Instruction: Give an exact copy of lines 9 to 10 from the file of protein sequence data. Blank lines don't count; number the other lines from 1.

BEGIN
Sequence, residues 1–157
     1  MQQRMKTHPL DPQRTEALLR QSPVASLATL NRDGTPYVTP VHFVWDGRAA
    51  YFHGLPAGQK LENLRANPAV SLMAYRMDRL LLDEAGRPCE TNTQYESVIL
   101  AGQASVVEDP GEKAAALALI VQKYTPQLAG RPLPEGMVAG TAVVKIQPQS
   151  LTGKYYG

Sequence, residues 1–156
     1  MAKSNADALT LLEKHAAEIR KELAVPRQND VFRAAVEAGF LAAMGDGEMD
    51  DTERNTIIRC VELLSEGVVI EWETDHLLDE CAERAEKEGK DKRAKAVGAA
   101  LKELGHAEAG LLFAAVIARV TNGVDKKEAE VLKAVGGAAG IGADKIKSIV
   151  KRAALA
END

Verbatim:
   101  LKELGHAEAG LLFAAVIARV TNGVDKKEAE VLKAVGGAAG IGADKIKSIV
   151  KRAALA